Last spring, Washington Heights had an unusual visitor: A coyote found its way to Fort Tryon Park.
Jennifer Hoppa, executive director of the Fort Tryon Park Trust and administrator of Northern Manhattan Parks, remembers when she got the call.
“We had to have the Park Rangers come and they were able to confirm the tracks were coyote’s.” Hoppa said. “Apparently the coyote was using Fort Tryon as a starting point.” It and others had moved south to congregate at Trinity Cemetery at 155th Street, another big green space, she said.
And the coyotes aren’t alone. Fort Tryon park officials and nearby residents said that they are noticing more raccoons, skunks, groundhogs, skunks and snakes. The animals are moving from the Bronx, where for the past 30 years they adapted to suburban conditions. But now their populations are becoming too large to remain sustainable there.
These wildlife critters are slowly spreading south into Manhattan, inhabiting the island they lived on hundreds of years ago before urbanization.
For urban dwellers, the coyotes are the largest and perhaps most surprising of the returning species. Manhattan may have gulches and canyons, but they are more associated with Gucci and tall buildings than with the wild. Its parks are tame.
“They are just reproducing and need to find other areas to move into,” Munshi-South said. “They’re generally moving south because Westchester, to the north of the Bronx, already has a lot of coyotes.”
The coyotes migrated from the Van Cortlandt Park in the Bronx, where a small group of packs live. Urban ecologist and associate professor at Baruch College Jason Munshi-South is conducting a video study of the coyotes in the Bronx. He said that the coyotes live in the Bronx, and when the population gets too large, male adolescent coyotes venture south, in search of a new home. In the case of the coyotes, they do so by swimming across the Harlem River, which separates Manhattan from the Bronx, or by crossing the Henry Hudson Bridge or the Broadway Bridge.
“They’ve been expanding in this wave into the city,” he said. “And they’re finding that the conditions here aren’t so bad either.”
Fort Tryon Park is particularly attractive. Its 67 acres, 450 types of trees and shrubs, and over-stuffed garbage cans make for an ideal home. Their presence is easily spotted by the torn garbage bags and scattered trash that are common sights now.
“Skunks and raccoons are nocturnal animals so you tend to not see them, but you see evidence of them,” said Nancy Bruning, who lives nearby and exercises three mornings a week in the park. .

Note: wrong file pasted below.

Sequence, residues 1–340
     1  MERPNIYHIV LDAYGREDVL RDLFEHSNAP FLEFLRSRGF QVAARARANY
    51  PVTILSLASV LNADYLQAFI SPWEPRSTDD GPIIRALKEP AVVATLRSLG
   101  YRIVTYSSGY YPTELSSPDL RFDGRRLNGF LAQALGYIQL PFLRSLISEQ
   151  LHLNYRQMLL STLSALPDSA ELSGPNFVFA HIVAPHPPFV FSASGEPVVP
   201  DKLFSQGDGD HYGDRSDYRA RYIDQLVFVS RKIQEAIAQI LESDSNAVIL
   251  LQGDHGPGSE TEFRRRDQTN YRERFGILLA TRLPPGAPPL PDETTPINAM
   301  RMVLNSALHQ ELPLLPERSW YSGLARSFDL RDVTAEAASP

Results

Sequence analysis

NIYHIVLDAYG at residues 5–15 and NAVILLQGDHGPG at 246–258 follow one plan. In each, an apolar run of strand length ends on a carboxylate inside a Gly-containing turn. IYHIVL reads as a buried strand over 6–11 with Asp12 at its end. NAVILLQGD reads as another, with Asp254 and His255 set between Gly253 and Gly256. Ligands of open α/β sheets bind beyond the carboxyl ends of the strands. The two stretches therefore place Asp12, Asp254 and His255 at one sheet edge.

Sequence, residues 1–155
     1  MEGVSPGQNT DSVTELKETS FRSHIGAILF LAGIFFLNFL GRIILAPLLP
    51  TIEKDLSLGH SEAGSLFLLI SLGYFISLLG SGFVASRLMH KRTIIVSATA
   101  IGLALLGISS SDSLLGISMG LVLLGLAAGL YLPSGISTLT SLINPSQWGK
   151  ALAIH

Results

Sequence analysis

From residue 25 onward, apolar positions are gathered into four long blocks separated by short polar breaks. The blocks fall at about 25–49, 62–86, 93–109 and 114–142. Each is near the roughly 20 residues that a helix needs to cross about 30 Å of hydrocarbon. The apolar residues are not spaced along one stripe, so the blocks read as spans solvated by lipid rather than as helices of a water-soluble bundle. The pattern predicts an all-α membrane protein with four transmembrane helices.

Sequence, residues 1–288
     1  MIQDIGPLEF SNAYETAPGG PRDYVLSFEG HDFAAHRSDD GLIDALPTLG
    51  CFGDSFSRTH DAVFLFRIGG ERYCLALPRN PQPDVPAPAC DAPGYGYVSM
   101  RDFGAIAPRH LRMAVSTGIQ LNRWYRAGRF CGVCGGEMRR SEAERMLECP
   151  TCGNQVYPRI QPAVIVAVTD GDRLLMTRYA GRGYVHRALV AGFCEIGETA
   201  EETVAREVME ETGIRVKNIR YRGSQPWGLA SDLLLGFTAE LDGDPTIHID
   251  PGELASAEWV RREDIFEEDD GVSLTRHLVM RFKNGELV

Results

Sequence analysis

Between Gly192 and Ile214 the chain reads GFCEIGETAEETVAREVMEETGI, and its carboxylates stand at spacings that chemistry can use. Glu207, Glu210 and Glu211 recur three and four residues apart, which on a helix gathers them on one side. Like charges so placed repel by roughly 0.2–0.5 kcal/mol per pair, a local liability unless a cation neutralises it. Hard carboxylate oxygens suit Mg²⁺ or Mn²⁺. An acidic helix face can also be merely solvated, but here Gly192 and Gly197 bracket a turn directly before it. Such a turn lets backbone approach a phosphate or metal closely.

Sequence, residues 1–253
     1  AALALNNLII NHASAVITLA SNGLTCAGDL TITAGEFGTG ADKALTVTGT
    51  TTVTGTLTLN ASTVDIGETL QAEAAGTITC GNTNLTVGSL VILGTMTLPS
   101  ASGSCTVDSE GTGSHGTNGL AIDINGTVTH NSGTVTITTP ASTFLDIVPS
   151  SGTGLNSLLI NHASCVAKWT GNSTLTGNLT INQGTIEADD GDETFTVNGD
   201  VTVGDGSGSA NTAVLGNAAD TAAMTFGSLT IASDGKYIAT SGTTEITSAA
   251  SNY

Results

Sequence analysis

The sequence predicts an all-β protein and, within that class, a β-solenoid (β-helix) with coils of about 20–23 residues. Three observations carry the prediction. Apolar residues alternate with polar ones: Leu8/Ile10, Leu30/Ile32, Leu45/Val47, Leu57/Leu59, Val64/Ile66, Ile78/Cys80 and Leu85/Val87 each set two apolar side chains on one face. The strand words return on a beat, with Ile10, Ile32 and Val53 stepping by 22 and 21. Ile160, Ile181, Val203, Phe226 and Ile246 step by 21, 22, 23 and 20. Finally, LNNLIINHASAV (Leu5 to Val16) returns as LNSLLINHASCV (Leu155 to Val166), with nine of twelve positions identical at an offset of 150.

Munshi-South said now that the animal populations are permanently established in the Bronx, it will take years before the population finds more sustainable areas to populate, like Long Island.
“They’re not going to disappear anytime soon,” said Munshi-South.
But even with that closer contact, both experts and park officials say the concerns for residents are small.
“There are some concerns with coyotes, for example eating pets,” said Munshi-South. “But if you have a small dog, they really shouldn’t be running around in the park without a leash anyway. And if you have a cat, they should be inside.”
Munshi-South said that the biggest issue is related to human interaction: residents might become too comfortable with the animals.
“There are some raccoons in Central Park that I’ve seen people feeding,” he said. “That should just not be done.” Of the four-legged animals, Munshi-South said he feared that “you might have them start biting people and becoming used to living off of human hand outs.”
Hoppa said that the Parks Department is working on educating people on how to interact with the newcomers. Last week, Fort Tryon Park hosted a wildlife education program called ‘ecofest’ with Hamilton Heights Academy that featured educational environmental songs for children. The park will also host a wildlife appreciation day this November, when children will get hands on learning experience with animals.
“There are owls, and there are skunks, and there are games that kids get to play to learn about the different animals in the environment,” said Hoppa. “It’s great because the kids really learn what the natural way to interact with animals is. And it’s a hands-on opportunity.”
Hoppa said that she and other park officials enjoy the increase in animals.
“I think it’s a learning opportunity,” said Hoppa. “If you’re planning on living in a community that is more than one third open space, you have to learn how to peacefully coexist.”